One funny point was the guy who talked about leading soldiers from Far Cry into the water. They get stuck in a "tread water" state and just stay there. He would lead whole squads into the water, leave, and then toss a grenade in. Wow... the things that sneak through the testing department, eh?



Dave Mark - President and Lead Designer
Intrinsic Algorithm -
"Reducing the world to mathematical equations!"

[edited by - InnocuousFox on April 1, 2004 2:57:02 PM]
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I''ll present a different view of the mentioned AI talks at GDC:

- FSMs: it was interesting to see a language designed to handle simultaneous behaviours. Beyond that, the real problem with these approaches is managing conflicting behaviours. Not only was this handled as a hack (hardcoded numbers), but it felt to me like the lecturers consciously avoided elaborating on the problem. The results presented were indeed funny, but I believe the system was quite more chaotic and out of control than they made it out to be.

- The APF talk was a serious let down. Bryan apologized in advance for the lack of materials, but the fact remains that I left the room with little more info than what can be gathered from Craig Reynolds'' Boids page. The mention of Vortex fields and tangential repulsion was the highlight for me. I am sure Bryan has a lot more to say on this topic.

- Peter Molyneux used his presentation for little more than showcasing cool bits of his new projects. E3 / press material rather than a lecture aimed at developers. The beginning was quite promising, though. My main takeaway was more related to presentation than to content.

- Bryan Reynolds'' talk was by far the best and most thought-provoking of the AI-oriented lectures I attended. Opening the window to the interactions between design and AI, as well as between designers and AI programmers, it didn''t present any hard facts or techniques, but it brought to the audience an issue that they will have to face when developing their games.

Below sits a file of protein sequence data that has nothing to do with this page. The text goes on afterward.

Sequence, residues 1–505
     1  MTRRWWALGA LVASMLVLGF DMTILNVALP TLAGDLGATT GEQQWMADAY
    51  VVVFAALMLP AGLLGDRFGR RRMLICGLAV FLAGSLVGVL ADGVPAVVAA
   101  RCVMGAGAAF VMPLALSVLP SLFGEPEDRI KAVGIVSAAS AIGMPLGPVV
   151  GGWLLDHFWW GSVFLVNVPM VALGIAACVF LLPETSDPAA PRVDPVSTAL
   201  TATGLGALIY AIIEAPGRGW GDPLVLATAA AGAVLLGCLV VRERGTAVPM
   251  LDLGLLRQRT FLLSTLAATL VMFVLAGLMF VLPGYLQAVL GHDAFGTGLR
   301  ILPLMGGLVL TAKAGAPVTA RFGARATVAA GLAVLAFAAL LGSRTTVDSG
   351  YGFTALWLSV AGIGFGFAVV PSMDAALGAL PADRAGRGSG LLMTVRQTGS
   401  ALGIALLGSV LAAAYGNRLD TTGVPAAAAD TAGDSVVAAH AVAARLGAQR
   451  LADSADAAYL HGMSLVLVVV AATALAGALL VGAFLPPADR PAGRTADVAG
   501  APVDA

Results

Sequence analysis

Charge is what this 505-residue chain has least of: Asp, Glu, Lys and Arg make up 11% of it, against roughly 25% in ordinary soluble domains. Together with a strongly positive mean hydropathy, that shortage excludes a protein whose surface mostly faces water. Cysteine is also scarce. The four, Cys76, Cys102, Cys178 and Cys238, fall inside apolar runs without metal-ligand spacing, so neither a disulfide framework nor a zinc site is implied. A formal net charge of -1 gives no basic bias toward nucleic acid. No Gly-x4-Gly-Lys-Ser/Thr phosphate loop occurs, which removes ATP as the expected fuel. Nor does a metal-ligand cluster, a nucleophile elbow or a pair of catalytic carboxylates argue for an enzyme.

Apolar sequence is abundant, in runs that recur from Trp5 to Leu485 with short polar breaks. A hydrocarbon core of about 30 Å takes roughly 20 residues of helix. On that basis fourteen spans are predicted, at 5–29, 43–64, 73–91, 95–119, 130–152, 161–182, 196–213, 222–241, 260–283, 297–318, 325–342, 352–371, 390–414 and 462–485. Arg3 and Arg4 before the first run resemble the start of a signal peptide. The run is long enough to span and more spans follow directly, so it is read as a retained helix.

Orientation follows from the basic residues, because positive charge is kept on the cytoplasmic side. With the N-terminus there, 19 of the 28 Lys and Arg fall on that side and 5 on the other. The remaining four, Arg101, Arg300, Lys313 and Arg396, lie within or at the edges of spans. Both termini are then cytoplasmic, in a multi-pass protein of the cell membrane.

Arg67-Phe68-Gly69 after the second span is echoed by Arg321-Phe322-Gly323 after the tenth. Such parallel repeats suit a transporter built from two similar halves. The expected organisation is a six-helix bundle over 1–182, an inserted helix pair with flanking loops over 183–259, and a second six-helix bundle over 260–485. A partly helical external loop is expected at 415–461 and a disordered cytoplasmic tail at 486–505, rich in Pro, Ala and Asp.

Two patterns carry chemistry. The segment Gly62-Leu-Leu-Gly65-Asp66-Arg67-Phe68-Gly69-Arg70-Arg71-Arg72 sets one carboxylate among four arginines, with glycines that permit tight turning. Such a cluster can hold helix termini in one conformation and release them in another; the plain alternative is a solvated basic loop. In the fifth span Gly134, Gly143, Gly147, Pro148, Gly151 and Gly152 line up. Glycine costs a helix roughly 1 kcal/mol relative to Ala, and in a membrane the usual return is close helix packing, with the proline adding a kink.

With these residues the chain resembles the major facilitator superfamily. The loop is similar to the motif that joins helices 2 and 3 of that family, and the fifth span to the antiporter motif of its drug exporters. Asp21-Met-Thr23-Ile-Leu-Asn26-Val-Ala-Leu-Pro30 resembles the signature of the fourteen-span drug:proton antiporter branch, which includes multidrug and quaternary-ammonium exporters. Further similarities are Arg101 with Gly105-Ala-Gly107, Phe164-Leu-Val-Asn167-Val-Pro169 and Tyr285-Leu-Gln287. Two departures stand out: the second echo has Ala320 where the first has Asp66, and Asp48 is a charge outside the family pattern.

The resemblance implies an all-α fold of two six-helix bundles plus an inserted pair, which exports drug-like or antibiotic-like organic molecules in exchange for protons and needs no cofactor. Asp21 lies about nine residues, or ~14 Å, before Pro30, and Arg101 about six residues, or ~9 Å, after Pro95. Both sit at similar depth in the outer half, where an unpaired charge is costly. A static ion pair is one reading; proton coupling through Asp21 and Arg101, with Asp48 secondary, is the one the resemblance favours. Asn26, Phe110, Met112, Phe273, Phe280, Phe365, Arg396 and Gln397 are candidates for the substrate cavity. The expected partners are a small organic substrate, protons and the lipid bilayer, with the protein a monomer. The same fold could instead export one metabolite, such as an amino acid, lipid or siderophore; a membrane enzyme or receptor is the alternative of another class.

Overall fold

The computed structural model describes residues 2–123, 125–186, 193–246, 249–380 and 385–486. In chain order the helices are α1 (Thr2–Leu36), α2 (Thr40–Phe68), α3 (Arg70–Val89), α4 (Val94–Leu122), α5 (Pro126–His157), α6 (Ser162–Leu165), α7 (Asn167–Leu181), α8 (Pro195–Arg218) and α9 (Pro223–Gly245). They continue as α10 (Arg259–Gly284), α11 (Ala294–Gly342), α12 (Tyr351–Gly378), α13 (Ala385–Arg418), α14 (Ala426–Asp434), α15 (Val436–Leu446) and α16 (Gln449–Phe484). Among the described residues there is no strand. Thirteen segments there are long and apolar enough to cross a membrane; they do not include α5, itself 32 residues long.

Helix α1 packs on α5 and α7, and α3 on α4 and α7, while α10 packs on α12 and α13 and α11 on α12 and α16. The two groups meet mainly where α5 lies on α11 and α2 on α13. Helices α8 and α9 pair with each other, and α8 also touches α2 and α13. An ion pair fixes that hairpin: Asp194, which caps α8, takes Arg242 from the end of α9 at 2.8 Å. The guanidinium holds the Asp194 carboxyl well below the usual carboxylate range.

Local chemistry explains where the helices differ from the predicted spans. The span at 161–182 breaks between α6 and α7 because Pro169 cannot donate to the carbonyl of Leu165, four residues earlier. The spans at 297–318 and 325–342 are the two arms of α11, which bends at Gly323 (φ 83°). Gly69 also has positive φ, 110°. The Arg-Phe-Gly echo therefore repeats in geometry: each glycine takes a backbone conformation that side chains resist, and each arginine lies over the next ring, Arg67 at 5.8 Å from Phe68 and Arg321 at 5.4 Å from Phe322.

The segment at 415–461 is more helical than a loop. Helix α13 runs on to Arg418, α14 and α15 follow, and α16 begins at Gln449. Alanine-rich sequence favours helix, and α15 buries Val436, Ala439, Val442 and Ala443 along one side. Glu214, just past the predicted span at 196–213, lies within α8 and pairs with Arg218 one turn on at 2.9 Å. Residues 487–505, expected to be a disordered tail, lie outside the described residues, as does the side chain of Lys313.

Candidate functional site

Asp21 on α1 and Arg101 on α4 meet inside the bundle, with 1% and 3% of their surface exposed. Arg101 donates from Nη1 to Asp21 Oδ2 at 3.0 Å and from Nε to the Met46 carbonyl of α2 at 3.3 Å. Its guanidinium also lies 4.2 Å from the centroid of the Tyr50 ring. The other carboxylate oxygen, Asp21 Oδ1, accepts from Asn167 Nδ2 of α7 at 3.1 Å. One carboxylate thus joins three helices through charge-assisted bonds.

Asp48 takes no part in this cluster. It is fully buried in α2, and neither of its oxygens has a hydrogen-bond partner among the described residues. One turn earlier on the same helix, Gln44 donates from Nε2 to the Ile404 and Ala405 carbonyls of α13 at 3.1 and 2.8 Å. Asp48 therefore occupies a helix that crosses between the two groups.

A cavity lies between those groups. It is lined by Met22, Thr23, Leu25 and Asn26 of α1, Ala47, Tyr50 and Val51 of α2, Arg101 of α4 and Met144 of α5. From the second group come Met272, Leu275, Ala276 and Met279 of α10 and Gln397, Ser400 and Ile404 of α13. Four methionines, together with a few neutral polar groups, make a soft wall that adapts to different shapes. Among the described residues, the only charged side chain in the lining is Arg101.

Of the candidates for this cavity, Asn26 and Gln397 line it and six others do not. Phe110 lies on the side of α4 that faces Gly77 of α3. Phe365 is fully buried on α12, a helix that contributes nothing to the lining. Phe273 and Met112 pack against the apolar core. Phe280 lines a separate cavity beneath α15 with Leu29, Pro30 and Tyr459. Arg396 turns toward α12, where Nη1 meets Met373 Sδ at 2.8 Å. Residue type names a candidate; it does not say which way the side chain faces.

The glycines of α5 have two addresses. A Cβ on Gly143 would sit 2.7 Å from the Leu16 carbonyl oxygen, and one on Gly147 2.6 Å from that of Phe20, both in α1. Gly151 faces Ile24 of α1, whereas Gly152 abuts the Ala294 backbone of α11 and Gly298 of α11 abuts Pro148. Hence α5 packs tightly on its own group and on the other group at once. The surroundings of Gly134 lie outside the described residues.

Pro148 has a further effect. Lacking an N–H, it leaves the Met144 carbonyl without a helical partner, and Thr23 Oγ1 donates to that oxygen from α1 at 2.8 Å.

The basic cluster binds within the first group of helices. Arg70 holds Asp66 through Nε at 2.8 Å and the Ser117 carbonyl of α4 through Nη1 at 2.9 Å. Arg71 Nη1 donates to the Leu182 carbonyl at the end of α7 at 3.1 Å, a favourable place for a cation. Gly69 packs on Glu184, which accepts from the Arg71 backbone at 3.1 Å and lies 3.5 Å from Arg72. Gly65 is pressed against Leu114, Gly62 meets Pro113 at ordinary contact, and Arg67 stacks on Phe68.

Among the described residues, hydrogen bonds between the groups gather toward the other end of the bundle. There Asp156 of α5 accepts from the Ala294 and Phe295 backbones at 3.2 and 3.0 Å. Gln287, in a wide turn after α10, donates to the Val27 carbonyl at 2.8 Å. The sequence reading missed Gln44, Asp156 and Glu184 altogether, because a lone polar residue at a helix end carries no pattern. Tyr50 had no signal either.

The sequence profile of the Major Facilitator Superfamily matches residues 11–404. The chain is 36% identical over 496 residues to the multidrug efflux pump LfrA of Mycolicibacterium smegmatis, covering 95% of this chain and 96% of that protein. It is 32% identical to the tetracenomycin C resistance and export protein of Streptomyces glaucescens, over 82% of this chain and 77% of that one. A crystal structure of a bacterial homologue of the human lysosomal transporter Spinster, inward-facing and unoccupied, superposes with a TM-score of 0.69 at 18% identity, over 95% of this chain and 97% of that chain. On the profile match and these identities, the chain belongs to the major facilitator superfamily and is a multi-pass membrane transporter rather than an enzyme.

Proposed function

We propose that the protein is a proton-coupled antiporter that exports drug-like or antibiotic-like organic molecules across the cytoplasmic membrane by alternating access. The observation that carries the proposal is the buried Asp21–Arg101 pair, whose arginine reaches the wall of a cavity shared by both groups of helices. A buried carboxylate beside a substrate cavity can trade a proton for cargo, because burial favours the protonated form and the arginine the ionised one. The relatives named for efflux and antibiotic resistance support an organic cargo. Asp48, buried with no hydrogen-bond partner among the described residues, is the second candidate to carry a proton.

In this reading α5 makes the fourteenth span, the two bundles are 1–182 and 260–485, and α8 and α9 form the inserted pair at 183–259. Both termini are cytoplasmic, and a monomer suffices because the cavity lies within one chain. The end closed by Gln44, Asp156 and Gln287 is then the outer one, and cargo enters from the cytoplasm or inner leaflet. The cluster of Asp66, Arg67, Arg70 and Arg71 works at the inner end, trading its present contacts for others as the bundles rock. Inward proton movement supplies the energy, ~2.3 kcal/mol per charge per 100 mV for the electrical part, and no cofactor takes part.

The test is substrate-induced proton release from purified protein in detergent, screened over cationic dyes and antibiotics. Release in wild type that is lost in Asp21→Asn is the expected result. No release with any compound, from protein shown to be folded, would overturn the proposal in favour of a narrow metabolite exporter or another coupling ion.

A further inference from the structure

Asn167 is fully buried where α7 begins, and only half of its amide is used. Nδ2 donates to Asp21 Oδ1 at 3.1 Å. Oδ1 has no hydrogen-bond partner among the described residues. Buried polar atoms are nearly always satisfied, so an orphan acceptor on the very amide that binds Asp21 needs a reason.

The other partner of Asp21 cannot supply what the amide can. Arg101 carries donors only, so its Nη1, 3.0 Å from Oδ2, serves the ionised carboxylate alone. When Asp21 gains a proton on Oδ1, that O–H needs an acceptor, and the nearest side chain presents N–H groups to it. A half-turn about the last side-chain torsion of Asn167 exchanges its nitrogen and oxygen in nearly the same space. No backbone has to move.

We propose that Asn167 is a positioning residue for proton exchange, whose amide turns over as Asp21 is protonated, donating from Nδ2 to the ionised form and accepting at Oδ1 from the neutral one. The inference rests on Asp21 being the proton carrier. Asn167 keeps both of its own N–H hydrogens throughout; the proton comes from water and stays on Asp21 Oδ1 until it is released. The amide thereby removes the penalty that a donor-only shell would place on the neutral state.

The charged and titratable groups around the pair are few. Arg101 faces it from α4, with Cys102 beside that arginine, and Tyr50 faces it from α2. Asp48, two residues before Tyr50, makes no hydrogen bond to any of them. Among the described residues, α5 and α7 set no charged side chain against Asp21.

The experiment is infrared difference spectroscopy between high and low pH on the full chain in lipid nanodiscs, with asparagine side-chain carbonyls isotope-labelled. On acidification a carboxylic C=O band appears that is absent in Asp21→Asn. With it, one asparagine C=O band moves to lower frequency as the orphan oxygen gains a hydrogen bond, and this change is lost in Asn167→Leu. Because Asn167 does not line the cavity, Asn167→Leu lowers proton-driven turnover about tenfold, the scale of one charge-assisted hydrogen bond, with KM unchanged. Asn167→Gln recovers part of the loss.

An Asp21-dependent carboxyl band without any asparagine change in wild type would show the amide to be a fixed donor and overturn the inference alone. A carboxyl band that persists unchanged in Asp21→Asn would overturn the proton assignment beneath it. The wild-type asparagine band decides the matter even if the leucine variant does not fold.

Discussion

Mixed feelings on Warren Spector''s talk (I found it confusing, and am not surprised that he has found people to misunderstand several of his points), and totally blown away by Will Wright''s rollercoaster ride of a lecture (impressive array of insights on the dynamics of the design process, and a great complement on last year''s description of structures in design).
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Bob? Is that you?

Anyway, that was a good point about Beyond FSMs. One of the things that we were talking about is how they came up with arbitrary "priority" numbers for deciding what trumps what. While some of that can be seeded, we all felt that there should be some fluidity to it. Using 10 numbers limits the designer at some point... eventually you will paint yourself into a corner of deciding which "8" is more important.

Nifty concept but incomplete.

Dave Mark - President and Lead Designer
Intrinsic Algorithm -
"Reducing the world to mathematical equations!"
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Perhaps someone could post a precis of the concept in a new thread and we could discuss its pros and cons, with the possibility that someone might come up with a novel (and better) solution?